A former National Guard soldier has been charged with plotting to help the Islamic State terrorist group and considering a Fort Hood-style attack against the U.S. military.
In a statement released Friday afternoon, Secretary of the Army John McHugh announced that the Army will award the Purple Heart and the Secretary of Defense Medal for the Defense of Freedom to all the victims of the 2009 Fort Hood shootings.
A military jury on Wednesday sentenced U.S. Army Major Nidal to death by lethal injection for killing 13 people and wounding 31 others in a November 2009 shooting rampage at Fort Hood, Texas.
The widow of a worker slain in the 2009 shooting rampage at Fort Hood, Texas, vowed not to let the killing by convicted gunman U.S. Army Major Nidal Hasan destroy her life and testified in a sentencing hearing on Tuesday that “he is not going to win.”
A jury of U.S. Army officers convicted Major Nidal Hasan on Friday of all 13 charges of premeditated murder and all 32 charges of attempted premeditated murder for the November 2009 shooting spree at Fort Hood, Texas.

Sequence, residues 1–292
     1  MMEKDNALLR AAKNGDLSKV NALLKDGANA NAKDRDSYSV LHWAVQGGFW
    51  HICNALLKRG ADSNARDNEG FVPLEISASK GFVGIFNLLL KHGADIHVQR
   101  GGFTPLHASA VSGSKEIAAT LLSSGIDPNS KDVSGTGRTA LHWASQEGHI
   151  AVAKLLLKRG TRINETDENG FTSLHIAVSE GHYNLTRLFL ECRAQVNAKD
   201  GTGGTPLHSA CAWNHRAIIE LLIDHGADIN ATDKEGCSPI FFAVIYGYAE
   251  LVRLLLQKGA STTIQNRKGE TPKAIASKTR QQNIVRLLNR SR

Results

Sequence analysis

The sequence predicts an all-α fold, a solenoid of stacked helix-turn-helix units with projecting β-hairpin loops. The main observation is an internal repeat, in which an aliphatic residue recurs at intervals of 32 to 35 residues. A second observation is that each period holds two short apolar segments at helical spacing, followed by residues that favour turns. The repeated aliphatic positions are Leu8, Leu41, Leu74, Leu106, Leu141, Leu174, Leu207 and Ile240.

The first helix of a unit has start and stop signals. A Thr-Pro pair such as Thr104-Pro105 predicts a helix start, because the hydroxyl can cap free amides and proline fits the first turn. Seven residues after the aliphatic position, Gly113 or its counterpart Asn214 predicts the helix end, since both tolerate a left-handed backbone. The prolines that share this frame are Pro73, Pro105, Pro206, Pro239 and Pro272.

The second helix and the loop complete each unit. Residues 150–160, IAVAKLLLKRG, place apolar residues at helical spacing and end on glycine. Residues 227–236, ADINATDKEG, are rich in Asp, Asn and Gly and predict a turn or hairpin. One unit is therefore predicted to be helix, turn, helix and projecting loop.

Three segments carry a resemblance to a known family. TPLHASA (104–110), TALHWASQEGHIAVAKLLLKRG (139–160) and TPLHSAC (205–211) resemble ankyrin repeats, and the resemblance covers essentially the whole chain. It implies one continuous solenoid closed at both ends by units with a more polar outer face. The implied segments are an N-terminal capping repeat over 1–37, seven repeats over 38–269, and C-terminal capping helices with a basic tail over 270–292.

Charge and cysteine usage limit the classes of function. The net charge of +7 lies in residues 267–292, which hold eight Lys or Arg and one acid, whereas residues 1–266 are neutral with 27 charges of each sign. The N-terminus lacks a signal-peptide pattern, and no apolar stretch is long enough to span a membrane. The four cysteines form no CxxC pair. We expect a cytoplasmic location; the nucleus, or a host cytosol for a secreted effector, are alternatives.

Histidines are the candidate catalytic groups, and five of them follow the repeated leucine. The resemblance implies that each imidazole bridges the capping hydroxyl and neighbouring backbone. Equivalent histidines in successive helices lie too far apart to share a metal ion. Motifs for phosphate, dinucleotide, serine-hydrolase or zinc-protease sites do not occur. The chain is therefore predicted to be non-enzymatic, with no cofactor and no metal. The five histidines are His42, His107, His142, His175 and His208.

The convictions mean Hasan could face the death penalty by lethal injection. The jury will begin hearing the penalty phase of the court-martial on Monday and make a recommendation to the judge, who will determine the sentence.
Military prosecutors rested their case on Tuesday in the capital murder court-martial of an Army psychiatrist accused of opening fire on unarmed soldiers at Fort Hood in 2009, killing 13 and wounding more than 30.
The U.S. soldier who admitted killing 13 fellow soldiers and wounding 31 others in a shooting rampage at a Texas army base in 2009 told a mental health panel he wished to die while carrying out “jihad” because it would signal God had designated him as a religious martyr.
U.S. Army soldiers testifying in the court-martial of Major Nidal Hasan for the 2009 shooting spree that killed 13 and wounded 31 at Fort Hood, Texas, on Monday described carnage and confusion usually reserved for live combat.